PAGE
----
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Headword: Ἐσθήρ
Adler number: epsilon,3139
Translated headword: Esther
Vetting Status: high
Being the consort of King Artaxerxes,[1] this woman acquired the royal dignity; she happened to be Jewish by race and gained an emulous admiration for her fame, and after inviting all her kinsfolk[2] to stay with her, especially Mordechai,[3] who was her maternal uncle,[4] she let them stay in the royal palace[5]. By the time Artaxerxes proclaimed by the royal edict that the Hebrews give up the worship of God, changing it with the prostration in front of his own image [6], establishing a delay[7] of forty days[8] for the punishment of those who would not comply with his orders, then the Jews spreading word with one another decided for a day to be devoted to prayer, in an attempt to appease God by fasting and praying.[9] As for the others, each by himself performed the supplication rituals in their own tent; but Mordechai, hiding in the dark at the king’s gate,[10] heard about the plot against Artaxerxes and revealed it to Artaxerxes.[11] And thus the conspiracy against the Jews was destroyed.[12]
Greek Original:
Ἐσθήρ: αὕτη συνοῦσα τῷ Ἀρταξέρξῃ τῷ βασιλεῖ, τὴν βασίλειον τιμὴν ἐκέκτητο, γένους Ἰουδαϊκοῦ τυγχάνουσα καὶ ζῆλον τῆς δόξης ποιουμένη τούς τε πρὸς γένος αὐτῇ διαφέροντας συγκαλεσαμένη, μάλιστα [δὲ] Μαρδοχαῖον μητράδελφον ὄντα, ἐν τοῖς βασιλείοις κατεῖχεν. ὡς δὲ τῷ βασιλικῷ προστάγματι Ἀρταξέρξης διεκήρυξε, τοὺς Ἑβραίους μεθίστασθαι μὲν τῆς δόξης τοῦ θεοῦ, προσκυνεῖν δὲ τὴν ἑαυτοῦ εἰκόνα, ἕως ἡμερῶν μ# ἀνακωχὴν τῆς τιμωρίας τοῖς ἀπειθοῦσι διαταξάμενος, οἱ Ἰουδαῖοι διαδόντες ἀλλήλοις ὥρισάν τινα τῆς προσευχῆς ἡμέραν, νηστείᾳ καὶ προσευχῇ τὸ θεῖον ἐξιλεούμενοι. καὶ οἱ μὲν ἄλλοι, ὡς ἕκαστος εἶχεν, ἐν τῇ ἰδίᾳ σκηνῇ τὰς ἱκεσίας ἐποίουν: Μαρδοχαῖος δὲ εἰς τὴν βασίλειον αὐλὴν ἐν σκότῳ κρυπτόμενος ἤκουσε περὶ τῆς ἐπιβουλῆς κατ' Ἀρταξέρξου καὶ δηλοῖ τῷ Ἀρταξέρξῃ. καὶ οὕτως ἡ κατὰ Ἰουδαίων ἐλύθη ἐπιβουλή.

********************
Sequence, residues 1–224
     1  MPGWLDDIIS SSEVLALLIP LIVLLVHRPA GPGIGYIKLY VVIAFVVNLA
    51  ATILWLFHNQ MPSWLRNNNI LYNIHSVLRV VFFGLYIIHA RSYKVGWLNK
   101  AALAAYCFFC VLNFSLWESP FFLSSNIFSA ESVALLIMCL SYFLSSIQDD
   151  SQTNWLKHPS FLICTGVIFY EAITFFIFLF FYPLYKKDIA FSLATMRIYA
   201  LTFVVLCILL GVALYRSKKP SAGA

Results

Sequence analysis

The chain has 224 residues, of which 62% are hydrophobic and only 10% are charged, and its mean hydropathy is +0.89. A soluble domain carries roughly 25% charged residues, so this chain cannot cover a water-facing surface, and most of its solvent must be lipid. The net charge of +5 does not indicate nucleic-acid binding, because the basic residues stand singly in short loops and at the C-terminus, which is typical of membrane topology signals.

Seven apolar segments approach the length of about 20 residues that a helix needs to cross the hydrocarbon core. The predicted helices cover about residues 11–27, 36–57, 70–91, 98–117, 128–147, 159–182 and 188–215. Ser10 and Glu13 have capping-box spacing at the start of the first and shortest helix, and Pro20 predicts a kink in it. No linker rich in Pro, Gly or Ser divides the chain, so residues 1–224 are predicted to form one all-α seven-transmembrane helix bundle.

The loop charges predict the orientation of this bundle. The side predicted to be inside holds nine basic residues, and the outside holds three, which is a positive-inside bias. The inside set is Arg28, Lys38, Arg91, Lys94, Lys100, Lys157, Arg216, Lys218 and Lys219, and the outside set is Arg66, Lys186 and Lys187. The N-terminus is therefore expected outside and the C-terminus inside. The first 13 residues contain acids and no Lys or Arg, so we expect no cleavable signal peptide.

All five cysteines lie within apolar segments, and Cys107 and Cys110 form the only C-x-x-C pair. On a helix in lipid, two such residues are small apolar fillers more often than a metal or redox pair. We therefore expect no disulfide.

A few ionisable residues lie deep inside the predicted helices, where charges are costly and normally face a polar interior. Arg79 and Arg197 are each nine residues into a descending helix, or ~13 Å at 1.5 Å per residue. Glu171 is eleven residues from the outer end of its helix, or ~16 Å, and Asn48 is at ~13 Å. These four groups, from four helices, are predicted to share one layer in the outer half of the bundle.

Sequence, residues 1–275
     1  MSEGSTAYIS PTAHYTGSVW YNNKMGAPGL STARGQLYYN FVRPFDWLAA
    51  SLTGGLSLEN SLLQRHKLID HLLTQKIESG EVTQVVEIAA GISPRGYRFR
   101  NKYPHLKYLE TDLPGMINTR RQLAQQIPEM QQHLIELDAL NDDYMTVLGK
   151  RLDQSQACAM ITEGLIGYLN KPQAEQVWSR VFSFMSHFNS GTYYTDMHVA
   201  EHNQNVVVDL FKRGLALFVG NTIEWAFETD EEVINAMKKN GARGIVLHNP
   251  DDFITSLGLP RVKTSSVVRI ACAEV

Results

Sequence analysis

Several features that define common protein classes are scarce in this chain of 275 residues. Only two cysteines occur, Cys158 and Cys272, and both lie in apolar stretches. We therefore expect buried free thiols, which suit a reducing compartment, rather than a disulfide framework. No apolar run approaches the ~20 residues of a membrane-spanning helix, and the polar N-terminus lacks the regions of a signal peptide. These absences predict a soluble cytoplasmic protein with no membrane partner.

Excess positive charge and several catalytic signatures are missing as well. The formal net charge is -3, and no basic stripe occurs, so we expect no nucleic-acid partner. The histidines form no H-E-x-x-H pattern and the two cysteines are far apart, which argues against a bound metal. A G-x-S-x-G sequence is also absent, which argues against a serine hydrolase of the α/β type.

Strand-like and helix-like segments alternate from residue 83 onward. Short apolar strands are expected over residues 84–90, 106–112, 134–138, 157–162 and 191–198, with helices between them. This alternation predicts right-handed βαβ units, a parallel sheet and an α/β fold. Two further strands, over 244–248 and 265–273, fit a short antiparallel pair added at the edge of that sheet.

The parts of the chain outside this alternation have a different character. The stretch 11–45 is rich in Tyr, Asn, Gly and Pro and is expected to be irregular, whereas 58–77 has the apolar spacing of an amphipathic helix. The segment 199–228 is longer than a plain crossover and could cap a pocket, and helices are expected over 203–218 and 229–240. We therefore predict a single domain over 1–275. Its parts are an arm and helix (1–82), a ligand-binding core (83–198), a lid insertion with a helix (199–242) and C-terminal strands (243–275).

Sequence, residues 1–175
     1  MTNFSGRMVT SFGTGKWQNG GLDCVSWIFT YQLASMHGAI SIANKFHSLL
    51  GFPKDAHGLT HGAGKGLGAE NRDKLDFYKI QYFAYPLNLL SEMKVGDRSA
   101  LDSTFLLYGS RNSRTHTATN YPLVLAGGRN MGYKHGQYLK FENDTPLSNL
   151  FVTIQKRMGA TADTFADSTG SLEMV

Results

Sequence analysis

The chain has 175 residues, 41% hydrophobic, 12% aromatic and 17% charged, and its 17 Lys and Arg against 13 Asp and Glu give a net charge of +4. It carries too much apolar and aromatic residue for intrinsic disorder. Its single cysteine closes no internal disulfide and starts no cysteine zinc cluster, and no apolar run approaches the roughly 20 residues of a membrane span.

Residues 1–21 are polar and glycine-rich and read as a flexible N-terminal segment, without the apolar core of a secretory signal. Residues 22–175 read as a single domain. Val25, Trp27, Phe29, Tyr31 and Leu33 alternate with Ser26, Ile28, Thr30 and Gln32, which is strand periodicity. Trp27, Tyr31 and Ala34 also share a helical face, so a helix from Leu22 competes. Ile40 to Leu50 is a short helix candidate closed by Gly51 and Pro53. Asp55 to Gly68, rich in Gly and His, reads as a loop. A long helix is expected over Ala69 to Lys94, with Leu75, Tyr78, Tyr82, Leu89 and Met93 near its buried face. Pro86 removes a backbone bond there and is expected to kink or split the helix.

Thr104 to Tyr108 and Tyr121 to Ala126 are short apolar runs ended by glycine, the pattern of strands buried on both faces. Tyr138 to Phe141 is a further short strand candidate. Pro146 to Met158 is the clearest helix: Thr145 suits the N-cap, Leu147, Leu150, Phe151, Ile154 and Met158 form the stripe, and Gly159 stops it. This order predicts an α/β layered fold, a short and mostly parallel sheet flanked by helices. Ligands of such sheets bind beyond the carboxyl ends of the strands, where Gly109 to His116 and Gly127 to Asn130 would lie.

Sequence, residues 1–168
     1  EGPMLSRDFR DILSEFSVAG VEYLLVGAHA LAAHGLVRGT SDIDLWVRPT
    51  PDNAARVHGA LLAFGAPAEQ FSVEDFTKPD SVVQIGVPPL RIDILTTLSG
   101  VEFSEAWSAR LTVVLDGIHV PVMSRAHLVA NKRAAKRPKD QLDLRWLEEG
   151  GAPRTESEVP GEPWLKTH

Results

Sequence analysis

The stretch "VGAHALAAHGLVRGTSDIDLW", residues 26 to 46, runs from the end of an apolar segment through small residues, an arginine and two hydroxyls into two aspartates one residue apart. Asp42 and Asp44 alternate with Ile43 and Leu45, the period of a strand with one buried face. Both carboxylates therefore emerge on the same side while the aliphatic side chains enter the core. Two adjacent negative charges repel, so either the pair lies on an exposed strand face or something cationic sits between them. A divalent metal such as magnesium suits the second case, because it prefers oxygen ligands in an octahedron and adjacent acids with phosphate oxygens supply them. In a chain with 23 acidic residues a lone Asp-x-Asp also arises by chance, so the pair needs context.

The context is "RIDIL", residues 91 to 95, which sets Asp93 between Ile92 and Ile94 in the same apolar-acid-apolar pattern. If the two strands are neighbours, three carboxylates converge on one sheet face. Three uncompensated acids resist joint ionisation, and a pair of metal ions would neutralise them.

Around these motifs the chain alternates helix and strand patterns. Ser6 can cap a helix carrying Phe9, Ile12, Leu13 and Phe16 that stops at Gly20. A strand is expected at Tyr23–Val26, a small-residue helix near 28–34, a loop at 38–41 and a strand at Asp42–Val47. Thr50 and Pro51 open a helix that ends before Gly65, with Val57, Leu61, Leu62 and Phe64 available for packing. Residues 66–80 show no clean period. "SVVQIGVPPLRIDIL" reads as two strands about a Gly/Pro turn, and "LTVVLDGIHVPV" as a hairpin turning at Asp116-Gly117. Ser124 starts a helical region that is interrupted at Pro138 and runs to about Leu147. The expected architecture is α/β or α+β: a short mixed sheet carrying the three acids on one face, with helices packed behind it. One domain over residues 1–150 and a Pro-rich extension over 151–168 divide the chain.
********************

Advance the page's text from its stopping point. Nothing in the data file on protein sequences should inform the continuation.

Summary of the biblical Book of Esther; cf. already under alpha 1483 and epsilon 3121.
[1] The name of the king is in the Hebrew אֲחַשְׁוֵרוֹשׁ ʾaḥašwerōš (Latin Ahasuerus), which seems to reflect a transliteration of Persian Kshaiarsha. This equates to the Greek Ξέρξης , but no historical source links Esther with that king (Xerxes I, reigned 486-465: xi 54). Rather, the Greek sources, and especially Josephus (Jewish Antiquities 11.198ff.) show the name Artaxerxes; therefore an alternative identification with Xerxes' immediate successor, Artaxerxes I Makrocheir (reigned 465-424), has been suggested.
[2] The Greek verb διαφέρω normally denotes a "difference" more than a relation between things or persons, though a later use (C3-C4 A.D.) is attested with the sense of "belonging to" or "appertaining to"; hence οἱ διαφέροντες is sometimes used to mean "relatives" or "kinsfolk".
[3] See mu 190. Both Esther and Mordechai could be names of Babylonian origin (Ishtar and Marduch; and as to Esther, a relationship is also possible with Persian stareh, "star").
[4] Mordechai raises the orphaned Esther and loves her as a father in the Biblical account. The post-Christian Jewish tradition makes Esther’s husband out of him, saying that he would become the tutor of the girl, with the intention of marrying her.
[5] This remark especially relates to Mordechai, whose official function at the king’s court is alluded to at Esther 2.19ff.